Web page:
Recently, three car accidents involving Tesla vehicles have attracted the attention of federal investigators working for the National Highway Traffic Safety Administration. The latest crash occurred in Lansing, Michigan, while the previous crashes occurred in Houston and Detroit. Tesla Autopilot technology did not play a role in the Detroit collision, and it is unclear whether it played a role in the Houston crash. However, law enforcement has indicated that Tesla Autopilot was involved in the Lansing collision. In this case, the driver crashed into the vehicle of a state police officer, which was stationary at the time. Although no injuries occurred, the NHTSA has launched a Special Crash Investigation team to probe the surrounding events.
Tesla has consistently told consumers that its Autopilot technology does not obviate the need for drivers to pay attention to the road. Autopilot does not make cars fully autonomous, despite the “Full Self Driving” name that Tesla uses for it. CEO Elon Musk has acknowledged that drivers should continue to use caution when using Autopilot, despite its recent improvements. Prior to the Lansing crash, at least two fatal accidents occurred in which a Tesla driver using Autopilot collided with a stationary vehicle. Tesla has not responded to any of these incidents, and auto safety advocates have criticized it for misleading consumers about the limitations of its technology, and for giving the public access to driver assistance software that has not been fully tested.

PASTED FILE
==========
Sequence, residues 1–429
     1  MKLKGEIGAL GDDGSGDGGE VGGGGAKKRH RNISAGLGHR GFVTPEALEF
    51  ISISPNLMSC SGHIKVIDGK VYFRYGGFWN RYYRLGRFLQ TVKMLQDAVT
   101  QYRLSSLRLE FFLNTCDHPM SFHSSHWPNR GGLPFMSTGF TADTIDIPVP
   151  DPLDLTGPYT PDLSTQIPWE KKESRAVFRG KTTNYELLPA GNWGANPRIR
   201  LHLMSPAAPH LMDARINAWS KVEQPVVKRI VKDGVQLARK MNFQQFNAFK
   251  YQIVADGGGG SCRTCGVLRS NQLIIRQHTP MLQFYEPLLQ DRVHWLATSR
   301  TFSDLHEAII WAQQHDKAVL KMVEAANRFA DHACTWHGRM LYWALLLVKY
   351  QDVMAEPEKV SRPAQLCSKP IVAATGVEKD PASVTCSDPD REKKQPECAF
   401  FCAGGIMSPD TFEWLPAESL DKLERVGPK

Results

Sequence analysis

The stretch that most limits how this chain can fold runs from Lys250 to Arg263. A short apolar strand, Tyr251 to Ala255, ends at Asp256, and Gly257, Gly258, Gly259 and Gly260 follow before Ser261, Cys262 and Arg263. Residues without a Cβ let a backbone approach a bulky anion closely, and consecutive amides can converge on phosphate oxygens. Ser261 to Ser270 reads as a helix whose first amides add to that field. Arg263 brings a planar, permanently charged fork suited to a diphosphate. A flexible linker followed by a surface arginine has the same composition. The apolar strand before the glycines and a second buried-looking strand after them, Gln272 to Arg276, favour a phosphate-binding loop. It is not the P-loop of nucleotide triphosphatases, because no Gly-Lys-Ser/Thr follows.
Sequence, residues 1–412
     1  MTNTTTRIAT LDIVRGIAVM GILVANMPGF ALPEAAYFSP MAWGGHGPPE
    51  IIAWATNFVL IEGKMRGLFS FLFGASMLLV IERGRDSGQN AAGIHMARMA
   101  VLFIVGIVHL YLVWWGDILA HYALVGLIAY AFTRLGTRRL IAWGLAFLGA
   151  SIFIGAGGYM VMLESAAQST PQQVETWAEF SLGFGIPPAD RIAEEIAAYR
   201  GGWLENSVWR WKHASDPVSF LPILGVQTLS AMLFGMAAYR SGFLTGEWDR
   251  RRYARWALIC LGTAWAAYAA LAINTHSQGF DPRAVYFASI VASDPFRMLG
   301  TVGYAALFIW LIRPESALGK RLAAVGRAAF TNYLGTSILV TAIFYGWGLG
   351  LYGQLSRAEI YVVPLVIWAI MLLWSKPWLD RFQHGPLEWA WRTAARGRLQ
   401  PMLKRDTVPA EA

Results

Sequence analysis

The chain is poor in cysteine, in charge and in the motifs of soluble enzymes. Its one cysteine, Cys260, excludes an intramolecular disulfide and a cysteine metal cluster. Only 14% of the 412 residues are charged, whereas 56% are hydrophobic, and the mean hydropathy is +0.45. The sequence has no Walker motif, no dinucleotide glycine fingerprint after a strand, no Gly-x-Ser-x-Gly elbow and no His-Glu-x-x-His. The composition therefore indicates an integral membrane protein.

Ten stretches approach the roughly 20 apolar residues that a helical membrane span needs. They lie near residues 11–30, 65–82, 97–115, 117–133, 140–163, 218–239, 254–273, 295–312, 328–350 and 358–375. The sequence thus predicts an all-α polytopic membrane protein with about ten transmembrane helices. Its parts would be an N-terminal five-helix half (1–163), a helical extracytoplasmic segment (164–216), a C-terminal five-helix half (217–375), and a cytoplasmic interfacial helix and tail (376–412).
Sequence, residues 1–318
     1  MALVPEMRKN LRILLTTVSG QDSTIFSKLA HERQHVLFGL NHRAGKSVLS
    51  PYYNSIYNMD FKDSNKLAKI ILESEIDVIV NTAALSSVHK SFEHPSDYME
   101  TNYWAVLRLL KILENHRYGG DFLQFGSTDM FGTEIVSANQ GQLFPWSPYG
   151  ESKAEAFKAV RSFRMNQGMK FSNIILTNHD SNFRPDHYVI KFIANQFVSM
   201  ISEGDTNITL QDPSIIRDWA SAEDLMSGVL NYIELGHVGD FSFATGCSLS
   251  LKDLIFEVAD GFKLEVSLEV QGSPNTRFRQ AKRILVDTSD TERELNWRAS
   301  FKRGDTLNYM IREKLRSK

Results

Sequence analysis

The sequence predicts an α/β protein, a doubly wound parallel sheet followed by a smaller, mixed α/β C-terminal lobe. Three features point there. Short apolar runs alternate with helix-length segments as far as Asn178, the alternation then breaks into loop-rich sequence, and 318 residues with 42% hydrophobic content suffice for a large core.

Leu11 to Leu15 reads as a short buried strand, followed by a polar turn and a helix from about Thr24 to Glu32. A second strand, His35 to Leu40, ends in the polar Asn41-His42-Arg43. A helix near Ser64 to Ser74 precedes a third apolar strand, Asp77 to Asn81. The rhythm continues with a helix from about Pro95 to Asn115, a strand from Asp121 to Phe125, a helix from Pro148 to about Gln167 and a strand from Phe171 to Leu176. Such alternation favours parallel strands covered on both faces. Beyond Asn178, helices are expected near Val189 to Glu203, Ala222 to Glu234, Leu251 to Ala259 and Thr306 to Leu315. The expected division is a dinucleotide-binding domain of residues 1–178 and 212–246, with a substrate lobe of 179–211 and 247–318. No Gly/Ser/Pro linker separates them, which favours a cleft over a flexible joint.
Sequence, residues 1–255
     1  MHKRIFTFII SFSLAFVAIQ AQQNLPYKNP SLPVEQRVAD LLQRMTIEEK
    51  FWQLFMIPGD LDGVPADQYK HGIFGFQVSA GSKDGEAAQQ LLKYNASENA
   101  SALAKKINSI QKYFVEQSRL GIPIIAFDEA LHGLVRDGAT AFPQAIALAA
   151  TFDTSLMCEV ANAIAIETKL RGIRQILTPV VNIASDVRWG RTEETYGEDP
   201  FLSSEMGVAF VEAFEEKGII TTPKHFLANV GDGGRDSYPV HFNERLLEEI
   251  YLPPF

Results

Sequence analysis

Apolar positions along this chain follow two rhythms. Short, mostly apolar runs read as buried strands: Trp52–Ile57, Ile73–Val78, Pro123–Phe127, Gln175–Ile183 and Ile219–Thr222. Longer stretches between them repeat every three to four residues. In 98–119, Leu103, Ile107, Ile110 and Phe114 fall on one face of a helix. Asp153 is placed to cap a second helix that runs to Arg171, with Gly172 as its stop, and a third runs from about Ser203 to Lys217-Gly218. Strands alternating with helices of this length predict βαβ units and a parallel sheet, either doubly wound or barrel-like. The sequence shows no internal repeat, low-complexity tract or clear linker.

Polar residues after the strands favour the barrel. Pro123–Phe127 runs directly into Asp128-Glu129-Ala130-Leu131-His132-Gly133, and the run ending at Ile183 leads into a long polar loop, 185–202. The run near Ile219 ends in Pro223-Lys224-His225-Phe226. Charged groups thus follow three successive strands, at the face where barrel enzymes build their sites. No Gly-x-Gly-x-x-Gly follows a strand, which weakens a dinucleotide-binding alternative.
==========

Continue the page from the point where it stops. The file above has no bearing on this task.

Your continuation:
The NHTSA has investigated previous fatal car accidents involving the Tesla Autopilot technology. For example, the agency determined that the technology played a role in a fatal crash in California when a Tesla struck a concrete barrier. Tesla has been reluctant to follow the safety guidance of the NHTSA, which has applied careful scrutiny to its self driving software as a result.
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